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Dealing with teenage attitude

Dealing with teenage attitude

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It may seem like your teenager is attitude personified, but underneath the scary scowl is a fragile bundle of hormones that needs a little TLC. Instead of responding to your teen with a barrage of criticism that piles on the pressure, try backing off and taking a tentative step into their oh-so-carefully-chosen branded shoes of the moment. It could help you both out …

Attitude – What Gives?

Typical teen attitudes can vary in severity, but the following behaviours may seem familiar to anyone sharing space with an adolescent or young adult:

• A ‘Whatever’ approach to life – they couldn’t care less. Or so it seems. They actually do care. A lot
• A ‘Why Bother?’ attitude – like there’s no point to anything – this is commonly seen in relation to schoolwork, household chores or anything else that demands them adopting a smidge of responsibility
• The ‘Parents don’t know nothing!’ stance – we were never young, nope, not us.
• A false sense of entitlement – as if exam results, jobs, money, material must-haves will just ‘happen’ because they want them to
• A sense of never having to do anything they don’t want to do. Ever again. (Ha! Sorry kid, grownups may seem like we have all the fun but we still gotta eat and pay the bills!)
• A completely warped sense of reality

Parents – Typical Responses

When faced with the above behaviours, most parents feel both frustrated and helpless in equal measure. We all want the best for our kids, so our natural reactions may play out something like this:

• Attempts at stamping the last vestiges of authority on your parent/child relationship by laying down strict house-rules that Colditz would be proud of
• Extended diatribes about why they are wrong – nag, nag, nag …
• Valiant efforts to illustrate why their version of reality is flawed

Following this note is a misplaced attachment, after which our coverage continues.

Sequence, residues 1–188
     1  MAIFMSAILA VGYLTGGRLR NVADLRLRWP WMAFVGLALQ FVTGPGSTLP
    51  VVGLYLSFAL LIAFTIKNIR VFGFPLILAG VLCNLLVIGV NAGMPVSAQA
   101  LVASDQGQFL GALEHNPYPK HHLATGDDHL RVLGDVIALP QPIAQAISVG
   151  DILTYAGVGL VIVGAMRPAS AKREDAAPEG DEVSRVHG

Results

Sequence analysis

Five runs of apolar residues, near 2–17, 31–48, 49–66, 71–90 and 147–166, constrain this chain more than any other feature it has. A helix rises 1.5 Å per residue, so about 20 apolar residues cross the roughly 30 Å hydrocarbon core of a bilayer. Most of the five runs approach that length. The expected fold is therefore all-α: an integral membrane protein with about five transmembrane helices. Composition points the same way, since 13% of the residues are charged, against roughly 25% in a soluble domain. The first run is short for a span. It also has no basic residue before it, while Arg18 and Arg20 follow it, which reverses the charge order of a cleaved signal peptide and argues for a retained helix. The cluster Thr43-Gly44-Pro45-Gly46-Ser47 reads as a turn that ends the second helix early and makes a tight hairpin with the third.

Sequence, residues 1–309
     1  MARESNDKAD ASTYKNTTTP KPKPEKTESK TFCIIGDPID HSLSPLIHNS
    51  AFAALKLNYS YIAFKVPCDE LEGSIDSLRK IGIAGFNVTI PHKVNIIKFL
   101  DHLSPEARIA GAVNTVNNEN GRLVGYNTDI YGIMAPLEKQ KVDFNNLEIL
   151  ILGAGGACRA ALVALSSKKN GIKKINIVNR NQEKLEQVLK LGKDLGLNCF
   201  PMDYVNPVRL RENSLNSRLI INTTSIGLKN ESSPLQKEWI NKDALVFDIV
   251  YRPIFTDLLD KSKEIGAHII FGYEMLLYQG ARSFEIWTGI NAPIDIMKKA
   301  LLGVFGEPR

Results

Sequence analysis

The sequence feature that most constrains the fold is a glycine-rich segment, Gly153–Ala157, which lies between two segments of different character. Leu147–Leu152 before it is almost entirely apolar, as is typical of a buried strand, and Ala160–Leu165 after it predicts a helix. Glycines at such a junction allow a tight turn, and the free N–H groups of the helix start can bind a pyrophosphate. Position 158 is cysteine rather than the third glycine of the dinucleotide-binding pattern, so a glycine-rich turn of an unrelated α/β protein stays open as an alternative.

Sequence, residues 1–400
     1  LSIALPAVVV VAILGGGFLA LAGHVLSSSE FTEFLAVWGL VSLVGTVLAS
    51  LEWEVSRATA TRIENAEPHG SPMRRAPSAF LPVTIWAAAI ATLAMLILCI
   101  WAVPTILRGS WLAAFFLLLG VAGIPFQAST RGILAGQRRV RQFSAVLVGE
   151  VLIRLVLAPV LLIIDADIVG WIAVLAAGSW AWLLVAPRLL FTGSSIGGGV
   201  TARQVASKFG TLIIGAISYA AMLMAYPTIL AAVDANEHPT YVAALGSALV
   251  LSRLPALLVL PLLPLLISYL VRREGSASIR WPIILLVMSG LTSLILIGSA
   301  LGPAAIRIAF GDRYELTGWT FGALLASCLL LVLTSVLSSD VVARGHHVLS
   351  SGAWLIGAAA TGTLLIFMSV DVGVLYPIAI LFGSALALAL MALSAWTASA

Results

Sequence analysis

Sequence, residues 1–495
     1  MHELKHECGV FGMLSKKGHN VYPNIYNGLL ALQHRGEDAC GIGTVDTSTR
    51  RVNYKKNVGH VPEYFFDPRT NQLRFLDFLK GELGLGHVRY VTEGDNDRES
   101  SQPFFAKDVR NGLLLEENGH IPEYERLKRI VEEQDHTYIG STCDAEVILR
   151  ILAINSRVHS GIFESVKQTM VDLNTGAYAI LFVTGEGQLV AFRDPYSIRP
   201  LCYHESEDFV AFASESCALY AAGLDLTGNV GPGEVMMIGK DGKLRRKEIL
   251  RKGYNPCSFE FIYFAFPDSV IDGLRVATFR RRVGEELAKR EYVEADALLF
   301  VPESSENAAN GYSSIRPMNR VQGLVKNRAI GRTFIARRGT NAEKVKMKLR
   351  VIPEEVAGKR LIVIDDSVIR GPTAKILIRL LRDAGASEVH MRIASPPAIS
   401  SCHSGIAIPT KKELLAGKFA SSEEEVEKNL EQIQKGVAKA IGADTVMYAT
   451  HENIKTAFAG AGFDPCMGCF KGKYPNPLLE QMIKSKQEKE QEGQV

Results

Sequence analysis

• Presentation of irrefutably logical arguments in support of your experience and knowledge of the world It rarely works.

Get a Grip, and Let Go

Face it – one human cannot force another thinking adult (young adults included) to think the same way as them. And if it’s one thing teens hate, it’s being told what to do, and how they should live their lives. Makes sense really – if you think about it from their perspective that have spent their entire lives at the mercy of their parents’ will. As they grow into independent human beings they develop opinions of their own, and will grab with both hands every opportunity to be heard. It’s a way of starting to separate themselves from their parents, a cutting of the proverbial apron strings.

Prepare for reality

Dealing with teeage attitudeAcknowledging this is a significant step towards managing it. As an adult you know that throughout life there are rules you have to follow in any number of given situations. Instead of trying to mould your teen into a mini-you, help prepare them for this reality by creating boundaries within which they can flex their muscles of opinion and learn how to compromise without losing their sense of self.

By concentrating on the behaviour of your teen, you divert the focus away from their attitude – constantly nagging them to improve their attitude only creates resentment and is a battle you can’t win.

Treat them like adults

They want to be adults, so treat them as such. Acknowledging your teen’s frustrations and outlook on life (however bizarre it may seem to you!) is important for their self-esteem. But that’s where it ends. They also need to learn accountability, and consequences. (This approach may seem better placed in toddlerhood, but teens often need a hefty nudge to learn that it applies in the real-grownup-world too.)

Tell your teen that they may not like or agree with the things you say, nor with the fact they must attend school and do their homework etc. but that’s how it is as long as they are living under your roof. Most teens are still heavily reliant on their parents for many things, and this can help you in your mission to help your teen understand that life is about give and take:

• Yes, I will pick up you and your friends on Friday night, but only if all your coursework is complete before you go out
• Yes, you can have the new trainers, but I need to see you pulling your weight with chores around the house first – your job is to do laundry/load the dishwasher/vacuum round
• Yes, you can borrow the car. When you’ve completed and sent off three decent job applications

Choose whatever blend of reasonable rule-making works for you and your teen. They may not like you for it now, but being a parent isn’t about being your kids’ best friend – it’s about helping them grow in to decent, caring human beings. And they will thank you for it one day.




About Cally Worden

About Cally Worden

Seasoned freelance writer Cally Worden lives with her family and dog in a quiet corner of rural France. A love of the outdoors, and a fascination with her children's ability to view life with fresh eyes provide the inspiration for much of her work. Cally writes regularly for various websites and UK print publications on subjects as diverse as parenting, travel, lifestyle, and business, and anything that makes her smile.

Website: Cally Worden

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